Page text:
As part of wedding vows, he told Carmella, "I took the best thing out of Cleveland."

Live for today

By now, you might be familiar with Garcia's inspirational story. He grew up in the largely Hispanic town of Gilroy, just 80 minutes outside of San Francisco. He was injured his senior year of high school and wound up playing football for his father, Bob, at Gavilan College before transferring to San Jose State.

Undrafted by the NFL, he wound up playing five years in the Canadian Football League for the Calgary Stampeders, leading them to a Grey Cup victory in 1998. The 49ers' Bill Walsh invited him for a tryout and signed him to a deal that eventually led to three trips to the Pro Bowl, overcoming inevitable comparisons to quarterback icons Joe Montana and Steve Young.

But much of what shaped Garcia's survival instincts occurred when he was very young. Before his birth, Garcia's mother, Linda, had twin girls die after being born two months premature. His younger brother, Jason, drowned on a family camping trip in 1977. Fourteen months later, his younger sister, Kimberly, died after falling out of a truck.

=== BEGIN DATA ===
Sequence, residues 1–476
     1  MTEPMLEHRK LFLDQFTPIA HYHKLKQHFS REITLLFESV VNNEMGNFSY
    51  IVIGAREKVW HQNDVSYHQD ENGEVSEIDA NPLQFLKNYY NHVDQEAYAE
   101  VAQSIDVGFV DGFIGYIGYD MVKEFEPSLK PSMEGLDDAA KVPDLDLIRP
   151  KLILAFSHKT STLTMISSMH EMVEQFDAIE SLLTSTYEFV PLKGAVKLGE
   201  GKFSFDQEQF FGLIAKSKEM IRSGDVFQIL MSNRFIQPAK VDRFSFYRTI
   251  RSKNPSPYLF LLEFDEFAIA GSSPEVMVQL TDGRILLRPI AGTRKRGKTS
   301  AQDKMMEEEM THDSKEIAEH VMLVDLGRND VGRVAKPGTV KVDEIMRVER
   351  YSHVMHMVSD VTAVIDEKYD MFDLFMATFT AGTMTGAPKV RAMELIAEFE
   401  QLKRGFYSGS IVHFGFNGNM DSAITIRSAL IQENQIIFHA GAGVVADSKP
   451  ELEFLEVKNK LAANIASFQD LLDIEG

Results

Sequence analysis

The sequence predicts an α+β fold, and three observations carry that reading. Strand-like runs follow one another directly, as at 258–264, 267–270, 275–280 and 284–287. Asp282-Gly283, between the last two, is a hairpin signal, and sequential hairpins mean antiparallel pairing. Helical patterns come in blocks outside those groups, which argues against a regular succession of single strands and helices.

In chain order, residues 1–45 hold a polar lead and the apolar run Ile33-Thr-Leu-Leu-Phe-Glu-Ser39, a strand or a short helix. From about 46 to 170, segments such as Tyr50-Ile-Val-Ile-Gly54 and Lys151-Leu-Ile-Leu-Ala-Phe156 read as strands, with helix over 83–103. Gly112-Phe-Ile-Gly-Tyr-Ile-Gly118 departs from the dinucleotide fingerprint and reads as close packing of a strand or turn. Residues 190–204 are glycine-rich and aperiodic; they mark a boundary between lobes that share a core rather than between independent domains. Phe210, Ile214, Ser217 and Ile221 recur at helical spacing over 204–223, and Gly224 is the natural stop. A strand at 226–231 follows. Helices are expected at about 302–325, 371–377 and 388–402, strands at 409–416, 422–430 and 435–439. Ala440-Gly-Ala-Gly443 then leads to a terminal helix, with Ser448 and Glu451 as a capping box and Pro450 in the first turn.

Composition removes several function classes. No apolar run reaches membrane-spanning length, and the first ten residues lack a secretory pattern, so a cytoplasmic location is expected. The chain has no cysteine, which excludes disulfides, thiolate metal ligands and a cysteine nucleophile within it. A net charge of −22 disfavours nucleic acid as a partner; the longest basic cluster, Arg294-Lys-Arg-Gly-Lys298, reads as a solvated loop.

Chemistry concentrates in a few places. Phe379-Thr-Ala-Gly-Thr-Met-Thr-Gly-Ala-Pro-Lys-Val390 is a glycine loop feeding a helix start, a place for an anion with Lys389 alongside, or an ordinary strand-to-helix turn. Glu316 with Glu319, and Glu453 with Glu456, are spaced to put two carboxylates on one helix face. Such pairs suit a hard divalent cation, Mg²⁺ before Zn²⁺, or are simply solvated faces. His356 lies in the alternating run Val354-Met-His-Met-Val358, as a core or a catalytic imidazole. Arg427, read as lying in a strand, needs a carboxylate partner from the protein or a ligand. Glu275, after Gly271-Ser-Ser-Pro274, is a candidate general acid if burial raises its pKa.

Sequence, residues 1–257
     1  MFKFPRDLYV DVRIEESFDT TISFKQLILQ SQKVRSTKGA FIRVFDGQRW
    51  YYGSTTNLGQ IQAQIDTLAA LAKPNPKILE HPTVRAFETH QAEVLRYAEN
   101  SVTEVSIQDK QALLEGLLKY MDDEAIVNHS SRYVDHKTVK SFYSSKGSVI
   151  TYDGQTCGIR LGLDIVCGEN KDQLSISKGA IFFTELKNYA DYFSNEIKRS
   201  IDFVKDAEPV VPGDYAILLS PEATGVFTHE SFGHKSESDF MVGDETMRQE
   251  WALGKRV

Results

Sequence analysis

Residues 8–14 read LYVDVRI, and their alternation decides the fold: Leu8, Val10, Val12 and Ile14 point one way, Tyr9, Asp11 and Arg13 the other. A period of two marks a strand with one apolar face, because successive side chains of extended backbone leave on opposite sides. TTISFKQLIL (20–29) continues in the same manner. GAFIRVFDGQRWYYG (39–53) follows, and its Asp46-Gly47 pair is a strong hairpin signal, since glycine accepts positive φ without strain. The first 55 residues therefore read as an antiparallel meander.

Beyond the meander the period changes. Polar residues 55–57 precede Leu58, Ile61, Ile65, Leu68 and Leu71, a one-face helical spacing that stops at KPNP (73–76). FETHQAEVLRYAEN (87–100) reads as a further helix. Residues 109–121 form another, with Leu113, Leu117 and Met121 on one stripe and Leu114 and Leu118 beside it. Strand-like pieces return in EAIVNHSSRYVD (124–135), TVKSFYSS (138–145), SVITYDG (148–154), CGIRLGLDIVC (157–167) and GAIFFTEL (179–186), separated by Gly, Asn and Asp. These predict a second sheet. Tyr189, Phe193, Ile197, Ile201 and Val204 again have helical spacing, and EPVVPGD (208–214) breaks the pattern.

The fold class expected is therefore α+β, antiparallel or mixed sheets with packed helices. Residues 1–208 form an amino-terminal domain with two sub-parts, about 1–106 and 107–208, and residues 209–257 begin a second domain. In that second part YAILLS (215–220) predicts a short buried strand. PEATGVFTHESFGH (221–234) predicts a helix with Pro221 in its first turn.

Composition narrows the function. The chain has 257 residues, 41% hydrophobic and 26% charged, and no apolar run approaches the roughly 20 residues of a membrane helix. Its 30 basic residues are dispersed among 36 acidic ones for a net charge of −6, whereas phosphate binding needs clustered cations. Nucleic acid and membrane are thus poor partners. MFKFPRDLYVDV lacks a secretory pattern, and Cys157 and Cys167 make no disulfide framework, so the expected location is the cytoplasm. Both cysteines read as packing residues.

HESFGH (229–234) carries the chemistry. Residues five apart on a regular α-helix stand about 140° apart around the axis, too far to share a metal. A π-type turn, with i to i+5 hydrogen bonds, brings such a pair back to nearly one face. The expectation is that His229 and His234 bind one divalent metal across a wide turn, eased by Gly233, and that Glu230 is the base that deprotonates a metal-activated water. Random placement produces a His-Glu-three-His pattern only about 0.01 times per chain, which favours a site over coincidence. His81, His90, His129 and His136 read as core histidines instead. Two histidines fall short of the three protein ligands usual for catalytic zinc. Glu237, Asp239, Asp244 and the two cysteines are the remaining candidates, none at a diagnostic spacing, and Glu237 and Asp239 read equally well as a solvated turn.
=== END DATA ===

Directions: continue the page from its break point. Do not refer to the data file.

"It's one thing to have an incident or an accident happen one time. But to have it happen twice, which we did, was unbelievable," Garcia said. "It's like, 'How? Why?' We had this little family that was growing up together and then it was just me."

Garcia knows those experiences will have an impact on his parenting.

"Now that I'm going to have a child, I know my mom, just in talking to her this past weekend, she's like, 'You will never truly understand the love parents have for their children until you experience it yourself.'

"And as much as that is a joy to look forward to, it also hurts, because I know the hurt she has inside, especially around the holidays, (from) what she's still feeling about my brother and sister that were lost. I hope to never have to go through that. ... It's scary to think about something like that happening.

"I don't know if that will make me an overprotective father. There's only so much you can do as a parent, and really my parents I felt did everything they can do. Yet it still happened."

Perhaps that's why Garcia throws his 195-pound body around the football field like it is his final play. He truly doesn't worry about tomorrow.

"It really has been living in the now," Garcia said. "It really has been making the most of every single day. I know I learned at 7 years old that at any instant ... your life can be taken away from you."

The Carmella effect